Millions of people across the U.S. will feel the effects of a powerful storm system

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A powerful storm system set to affect much of the country this weekend could pose a triple threat, with the possibility of severe storms and tornadoes, ice and snow, and flooding.

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A powerful storm system set to affect much of the country this weekend could pose a triple threat, with the possibility of severe storms and tornadoes, ice and snow, and flooding.

Millions of people in the eastern half of the United States — in the Southeast, Midwest, Great Lakes Region and the Northeast — could feel the effects, said CNN meteorologist Dave Hennen. Another storm system will bring heavy snow to the West.

In the eastern US:

  • Nearly 50 million people are under flood watch in parts of Texas, Oklahoma, Arkansas, Missouri, Kentucky, Illinois, Indiana, Ohio, New York and Vermont.
  • About 35 million are under a winter weather alert in parts of Oklahoma, Kansas, Nebraska, Iowa, Illinois, Wisconsin, Michigan, New York, New Hampshire, Vermont and Maine.
  • And more than 20 million are under a wind advisory in parts of Texas, Louisiana, Alabama, Mississippi, Florida, Kentucky and Indiana.

Here’s how the regions could be affected.

Tornadoes and damaging winds across the South

Severe weather, possibly including tornadoes, damaging wind and large hail, is predicted in much of the South on Friday and Saturday, Hennen said.

The risk of damaging wind gusts became even more apparent Thursday, prompting the National Weather Service’s Storm Prediction Center to issue a moderate risk of severe weather — at level 4 of 5 — for areas between Tyler, Texas, and Memphis, Tennessee, including Little Rock, Arkansas, and Shreveport, Louisiana.

Residents from the Gulf Coast north to Missouri could be hit by severe weather Friday afternoon and into the overnight hours. The greatest threat encompasses cities in eastern Texas, like Dallas and Houston, as well as Shreveport, Louisiana, Hennen said.

“Storms will go well after dark, with tornadoes after dark,” Hennen said. “Tornadoes at night are more than twice as deadly as those that occur during the day, with people not getting the warnings in time.”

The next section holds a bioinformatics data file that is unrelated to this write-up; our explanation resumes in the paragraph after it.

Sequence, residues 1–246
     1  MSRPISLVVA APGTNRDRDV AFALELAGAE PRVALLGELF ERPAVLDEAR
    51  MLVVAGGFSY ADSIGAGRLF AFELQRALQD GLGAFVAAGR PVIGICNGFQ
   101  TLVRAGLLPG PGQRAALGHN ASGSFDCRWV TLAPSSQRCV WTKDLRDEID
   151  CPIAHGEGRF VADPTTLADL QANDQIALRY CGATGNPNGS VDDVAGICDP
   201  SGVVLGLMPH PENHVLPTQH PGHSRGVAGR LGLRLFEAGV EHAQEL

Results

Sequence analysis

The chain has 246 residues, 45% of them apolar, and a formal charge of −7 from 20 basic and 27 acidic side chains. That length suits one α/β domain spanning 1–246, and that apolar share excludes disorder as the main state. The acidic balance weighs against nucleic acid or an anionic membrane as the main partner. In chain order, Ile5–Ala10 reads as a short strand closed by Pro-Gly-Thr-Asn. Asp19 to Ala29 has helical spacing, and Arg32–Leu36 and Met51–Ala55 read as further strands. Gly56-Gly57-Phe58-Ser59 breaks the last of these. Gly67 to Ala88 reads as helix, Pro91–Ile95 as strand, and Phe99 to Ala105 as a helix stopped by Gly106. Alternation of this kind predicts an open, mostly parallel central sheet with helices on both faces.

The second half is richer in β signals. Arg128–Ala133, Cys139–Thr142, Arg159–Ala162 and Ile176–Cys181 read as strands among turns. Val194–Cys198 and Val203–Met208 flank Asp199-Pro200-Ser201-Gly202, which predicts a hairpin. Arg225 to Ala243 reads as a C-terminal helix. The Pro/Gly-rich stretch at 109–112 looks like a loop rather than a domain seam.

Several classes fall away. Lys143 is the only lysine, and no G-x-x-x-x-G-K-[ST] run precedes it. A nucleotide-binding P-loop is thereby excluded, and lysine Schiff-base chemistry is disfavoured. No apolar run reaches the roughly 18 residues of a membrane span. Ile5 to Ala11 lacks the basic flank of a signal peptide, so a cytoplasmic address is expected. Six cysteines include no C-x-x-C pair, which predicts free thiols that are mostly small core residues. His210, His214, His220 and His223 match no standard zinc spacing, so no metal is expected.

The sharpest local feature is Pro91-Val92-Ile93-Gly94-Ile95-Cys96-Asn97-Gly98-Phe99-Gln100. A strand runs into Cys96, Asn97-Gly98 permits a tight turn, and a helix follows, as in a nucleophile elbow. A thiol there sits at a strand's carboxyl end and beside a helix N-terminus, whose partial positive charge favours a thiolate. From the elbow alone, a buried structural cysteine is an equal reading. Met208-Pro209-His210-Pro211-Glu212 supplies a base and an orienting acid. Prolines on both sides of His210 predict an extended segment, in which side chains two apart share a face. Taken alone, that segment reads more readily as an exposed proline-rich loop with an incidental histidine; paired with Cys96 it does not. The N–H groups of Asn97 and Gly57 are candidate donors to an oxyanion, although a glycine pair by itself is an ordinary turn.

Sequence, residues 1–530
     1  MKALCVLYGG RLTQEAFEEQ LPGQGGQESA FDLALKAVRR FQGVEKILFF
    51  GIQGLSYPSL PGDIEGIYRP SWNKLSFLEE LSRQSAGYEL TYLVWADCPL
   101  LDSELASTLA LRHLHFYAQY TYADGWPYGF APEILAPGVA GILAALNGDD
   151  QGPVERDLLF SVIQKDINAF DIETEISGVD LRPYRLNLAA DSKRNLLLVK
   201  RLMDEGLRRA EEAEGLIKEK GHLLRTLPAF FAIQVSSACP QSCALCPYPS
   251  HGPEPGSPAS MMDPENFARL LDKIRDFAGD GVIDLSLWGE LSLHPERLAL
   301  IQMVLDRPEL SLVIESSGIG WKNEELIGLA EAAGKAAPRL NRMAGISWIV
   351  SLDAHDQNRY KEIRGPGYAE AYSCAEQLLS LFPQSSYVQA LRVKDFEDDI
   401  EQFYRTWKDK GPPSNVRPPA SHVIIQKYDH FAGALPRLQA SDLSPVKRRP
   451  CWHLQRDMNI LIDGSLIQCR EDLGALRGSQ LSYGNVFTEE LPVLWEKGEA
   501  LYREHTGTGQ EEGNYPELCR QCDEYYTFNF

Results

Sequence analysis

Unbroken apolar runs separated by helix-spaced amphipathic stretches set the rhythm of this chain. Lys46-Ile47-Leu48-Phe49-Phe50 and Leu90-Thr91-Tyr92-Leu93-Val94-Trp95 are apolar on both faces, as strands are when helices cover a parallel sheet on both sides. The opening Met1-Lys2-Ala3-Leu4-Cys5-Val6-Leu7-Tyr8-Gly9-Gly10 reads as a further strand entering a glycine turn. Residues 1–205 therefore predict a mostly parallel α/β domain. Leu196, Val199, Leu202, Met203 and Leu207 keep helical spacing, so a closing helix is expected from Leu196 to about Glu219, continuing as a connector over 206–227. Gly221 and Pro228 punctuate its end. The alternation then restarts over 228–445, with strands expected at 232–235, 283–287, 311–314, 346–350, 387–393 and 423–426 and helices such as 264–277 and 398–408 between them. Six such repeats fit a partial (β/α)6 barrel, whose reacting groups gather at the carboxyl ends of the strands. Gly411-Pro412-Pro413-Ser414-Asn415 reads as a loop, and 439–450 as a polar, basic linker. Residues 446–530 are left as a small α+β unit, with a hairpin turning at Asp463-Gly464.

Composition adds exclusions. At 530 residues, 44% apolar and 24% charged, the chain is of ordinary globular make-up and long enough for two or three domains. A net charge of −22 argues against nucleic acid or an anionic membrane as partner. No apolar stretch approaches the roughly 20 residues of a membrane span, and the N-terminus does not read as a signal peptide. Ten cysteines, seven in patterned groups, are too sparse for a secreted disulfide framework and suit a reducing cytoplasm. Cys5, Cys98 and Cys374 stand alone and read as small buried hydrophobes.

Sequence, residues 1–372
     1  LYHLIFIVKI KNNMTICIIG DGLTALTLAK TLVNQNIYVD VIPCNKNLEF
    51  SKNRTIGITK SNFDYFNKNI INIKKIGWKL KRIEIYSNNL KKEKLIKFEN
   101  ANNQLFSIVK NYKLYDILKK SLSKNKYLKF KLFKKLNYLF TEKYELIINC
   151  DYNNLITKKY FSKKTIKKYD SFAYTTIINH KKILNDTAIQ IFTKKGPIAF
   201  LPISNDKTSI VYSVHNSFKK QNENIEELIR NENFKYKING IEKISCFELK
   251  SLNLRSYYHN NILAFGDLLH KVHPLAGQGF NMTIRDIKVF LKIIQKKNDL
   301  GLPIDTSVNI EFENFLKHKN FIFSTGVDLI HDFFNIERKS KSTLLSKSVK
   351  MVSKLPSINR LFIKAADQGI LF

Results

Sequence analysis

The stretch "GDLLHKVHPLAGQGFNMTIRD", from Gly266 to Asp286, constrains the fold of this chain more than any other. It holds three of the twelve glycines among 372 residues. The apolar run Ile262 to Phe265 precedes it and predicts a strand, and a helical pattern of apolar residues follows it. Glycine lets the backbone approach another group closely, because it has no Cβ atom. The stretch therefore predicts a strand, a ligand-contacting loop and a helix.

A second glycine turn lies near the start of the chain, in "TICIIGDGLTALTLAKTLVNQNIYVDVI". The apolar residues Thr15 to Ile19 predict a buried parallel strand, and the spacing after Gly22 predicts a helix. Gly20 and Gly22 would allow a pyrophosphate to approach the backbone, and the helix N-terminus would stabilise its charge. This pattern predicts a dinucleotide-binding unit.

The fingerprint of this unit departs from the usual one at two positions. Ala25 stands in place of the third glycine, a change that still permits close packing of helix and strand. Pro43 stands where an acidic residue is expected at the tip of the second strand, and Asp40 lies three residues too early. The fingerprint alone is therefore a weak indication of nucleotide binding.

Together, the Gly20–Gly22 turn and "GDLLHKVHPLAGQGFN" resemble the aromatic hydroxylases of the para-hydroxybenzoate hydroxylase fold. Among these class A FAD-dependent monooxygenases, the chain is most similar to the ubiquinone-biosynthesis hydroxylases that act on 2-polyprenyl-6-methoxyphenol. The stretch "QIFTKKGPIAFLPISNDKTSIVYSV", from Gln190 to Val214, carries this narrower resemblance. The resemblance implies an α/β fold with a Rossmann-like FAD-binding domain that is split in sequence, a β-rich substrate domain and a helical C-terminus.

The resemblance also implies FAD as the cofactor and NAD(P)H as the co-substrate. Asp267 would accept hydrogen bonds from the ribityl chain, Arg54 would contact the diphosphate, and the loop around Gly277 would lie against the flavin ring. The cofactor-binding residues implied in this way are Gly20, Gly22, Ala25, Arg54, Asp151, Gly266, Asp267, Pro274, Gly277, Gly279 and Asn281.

On Saturday, the danger will shift to cover much of the Southeast, including cities like New Orleans and Baton Rouge in Louisiana; Birmingham, Montgomery and Mobile in Alabama; and Atlanta.

Residents in these regions should “make sure your smartphone weather notifications are turned on. Some of these storms will be traveling at 60 mph, and you may only have minutes to react,” said CNN meteorologist Chad Myers.

Snow and ice in the Midwest

Colder areas to the north could feel the effects of a significant snow and ice storm, which the National Weather Service in Chicago called a “powerhouse storm system.”

Parts of Illinois, southern Wisconsin and Michigan could see heavy snow fall as the storm moves east, with 6 inches of snow possible in some areas, Hennen said. Upstate New York and New England could see snow as well.

A dangerous ice storm will form over the Great Lakes region. Between 6 and 12 inches of snow is expected in northern Michigan, Hennen said, and ice accumulation there could down trees and power lines.

“We certainly have a complicated mess on our hands,” the National Weather Service in Grand Rapids, Michigan, said.

A flooding threat from Texas to Michigan

Millions of people from Texas to New England were under a flood or flash flood watch Friday morning.

Cities put on notice included: Tulsa, Oklahoma; Little Rock; Memphis; St. Louis; Indianapolis; Chicago; Detroit; and Buffalo, New York.

Widespread rainfall totals between 3 and 5 inches were expected, Hennen said, with higher amounts possible in local areas.

Heavy snow in the Northwest

A separate round of storms will bring heavy snow into the higher elevations of the Northwest, Hennen said.

Winter storm watches were posted for the Cascades and the northern Rocky Mountains, with the weather service predicting snowfall of up to 2 feet. The threat there includes avalanche danger, with warnings posted in parts of Idaho and Montana.

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